Prohibition in Washington D.C.: How Dry We Weren't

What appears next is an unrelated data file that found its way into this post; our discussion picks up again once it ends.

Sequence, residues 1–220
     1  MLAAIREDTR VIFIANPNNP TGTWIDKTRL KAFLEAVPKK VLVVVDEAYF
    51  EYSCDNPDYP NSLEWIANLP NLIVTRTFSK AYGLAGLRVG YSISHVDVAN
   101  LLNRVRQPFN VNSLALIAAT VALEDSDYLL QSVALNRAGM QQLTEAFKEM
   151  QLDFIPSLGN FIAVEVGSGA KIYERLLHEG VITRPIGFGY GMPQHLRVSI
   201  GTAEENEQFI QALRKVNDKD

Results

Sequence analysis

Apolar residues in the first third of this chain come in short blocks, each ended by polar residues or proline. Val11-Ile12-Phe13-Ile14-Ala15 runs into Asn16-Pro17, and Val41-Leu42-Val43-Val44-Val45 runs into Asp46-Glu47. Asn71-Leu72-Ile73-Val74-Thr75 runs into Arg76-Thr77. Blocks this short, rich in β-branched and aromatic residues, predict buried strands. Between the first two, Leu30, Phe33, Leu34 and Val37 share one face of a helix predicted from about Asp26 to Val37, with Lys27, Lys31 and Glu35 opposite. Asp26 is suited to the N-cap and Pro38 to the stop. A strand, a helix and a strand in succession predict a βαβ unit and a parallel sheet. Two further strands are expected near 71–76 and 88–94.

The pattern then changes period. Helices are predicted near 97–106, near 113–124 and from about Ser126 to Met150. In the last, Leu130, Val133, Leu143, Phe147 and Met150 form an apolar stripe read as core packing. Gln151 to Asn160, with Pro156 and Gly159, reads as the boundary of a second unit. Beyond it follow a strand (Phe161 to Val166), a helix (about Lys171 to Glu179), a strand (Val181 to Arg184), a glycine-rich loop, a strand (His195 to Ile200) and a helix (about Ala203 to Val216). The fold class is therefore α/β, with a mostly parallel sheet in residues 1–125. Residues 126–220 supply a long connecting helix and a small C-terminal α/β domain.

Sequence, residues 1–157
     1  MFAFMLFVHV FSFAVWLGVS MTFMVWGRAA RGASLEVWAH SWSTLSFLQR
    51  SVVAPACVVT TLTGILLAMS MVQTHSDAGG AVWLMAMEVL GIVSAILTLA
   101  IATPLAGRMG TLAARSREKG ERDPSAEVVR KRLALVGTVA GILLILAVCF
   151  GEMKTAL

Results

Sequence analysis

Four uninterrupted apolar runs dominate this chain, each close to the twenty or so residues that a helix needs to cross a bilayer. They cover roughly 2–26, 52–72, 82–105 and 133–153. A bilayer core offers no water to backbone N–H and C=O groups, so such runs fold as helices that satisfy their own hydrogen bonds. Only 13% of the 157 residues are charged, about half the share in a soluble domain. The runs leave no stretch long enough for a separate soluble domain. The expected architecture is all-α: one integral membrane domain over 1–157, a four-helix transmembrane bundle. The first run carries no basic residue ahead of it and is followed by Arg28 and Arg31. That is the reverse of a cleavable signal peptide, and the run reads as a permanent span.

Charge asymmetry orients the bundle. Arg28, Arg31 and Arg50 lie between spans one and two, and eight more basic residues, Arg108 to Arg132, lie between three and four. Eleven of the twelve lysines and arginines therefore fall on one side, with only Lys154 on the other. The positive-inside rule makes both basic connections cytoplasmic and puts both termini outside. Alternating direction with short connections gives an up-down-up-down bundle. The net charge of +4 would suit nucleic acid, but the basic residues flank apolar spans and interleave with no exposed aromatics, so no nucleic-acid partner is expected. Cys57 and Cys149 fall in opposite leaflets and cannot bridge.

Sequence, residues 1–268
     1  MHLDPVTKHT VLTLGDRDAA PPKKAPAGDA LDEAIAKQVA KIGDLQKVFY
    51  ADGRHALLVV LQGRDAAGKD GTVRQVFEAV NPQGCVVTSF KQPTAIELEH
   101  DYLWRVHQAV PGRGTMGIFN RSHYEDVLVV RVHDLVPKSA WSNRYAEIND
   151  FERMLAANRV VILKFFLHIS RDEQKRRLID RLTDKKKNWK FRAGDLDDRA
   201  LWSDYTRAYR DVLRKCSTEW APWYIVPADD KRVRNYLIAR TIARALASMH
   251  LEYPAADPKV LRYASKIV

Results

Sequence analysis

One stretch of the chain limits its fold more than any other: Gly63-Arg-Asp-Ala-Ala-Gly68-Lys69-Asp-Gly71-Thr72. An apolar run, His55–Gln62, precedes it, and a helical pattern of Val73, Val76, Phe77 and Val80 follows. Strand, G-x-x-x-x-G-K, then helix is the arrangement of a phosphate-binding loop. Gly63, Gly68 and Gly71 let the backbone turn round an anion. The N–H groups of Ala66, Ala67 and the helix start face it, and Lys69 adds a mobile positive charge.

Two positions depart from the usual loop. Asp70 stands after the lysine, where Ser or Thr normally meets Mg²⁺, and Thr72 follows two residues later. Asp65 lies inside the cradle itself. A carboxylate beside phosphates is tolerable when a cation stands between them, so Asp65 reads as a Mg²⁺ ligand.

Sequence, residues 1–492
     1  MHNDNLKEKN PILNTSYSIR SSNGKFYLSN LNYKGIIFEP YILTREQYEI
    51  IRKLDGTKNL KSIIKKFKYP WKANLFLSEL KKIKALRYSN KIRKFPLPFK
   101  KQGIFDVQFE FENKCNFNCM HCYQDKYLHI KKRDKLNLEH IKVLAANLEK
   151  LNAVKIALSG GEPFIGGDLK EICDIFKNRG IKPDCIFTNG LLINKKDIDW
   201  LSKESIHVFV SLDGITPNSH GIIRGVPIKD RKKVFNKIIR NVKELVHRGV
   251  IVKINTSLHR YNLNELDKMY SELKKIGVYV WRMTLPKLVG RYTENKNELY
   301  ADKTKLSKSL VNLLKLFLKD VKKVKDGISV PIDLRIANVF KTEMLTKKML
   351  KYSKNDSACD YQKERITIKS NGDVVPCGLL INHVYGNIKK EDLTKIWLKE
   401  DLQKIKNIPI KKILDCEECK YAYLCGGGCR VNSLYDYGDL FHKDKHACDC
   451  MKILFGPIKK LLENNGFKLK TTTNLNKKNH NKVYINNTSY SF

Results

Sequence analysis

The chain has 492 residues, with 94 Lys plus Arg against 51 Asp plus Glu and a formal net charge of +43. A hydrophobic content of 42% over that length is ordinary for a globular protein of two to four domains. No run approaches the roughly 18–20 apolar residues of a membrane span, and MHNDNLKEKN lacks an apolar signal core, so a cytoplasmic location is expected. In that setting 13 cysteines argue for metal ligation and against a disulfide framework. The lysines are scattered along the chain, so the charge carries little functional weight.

Prohibition ended in Washington, D.C. on March 1, 1934. The Washington Post reported that "Somehow, after 17 years without it, Washingtonians seemed to hold their liquor quite well." One reason might be that the nation's capital had been far from a model dry city, hosting up to 3,000 speakeasies since Prohibition began in 1917. As documented in a new book by Garrett Peck, even Congress had its own bootleggers, especially "The Man in the Green Hat." Speaker Biography: Garrett Peck is a literary journalist and the author of "The Prohibition Hangover: Alcohol in America from Demon Rum to Cult Cabernet." A native Californian and graduate of the Virginia Military Institute, he lives in Arlington, Va. For captions, transcript, and more information visit http://www.loc.gov/today/cyberlc/feature_wdesc.php?rec=5331.
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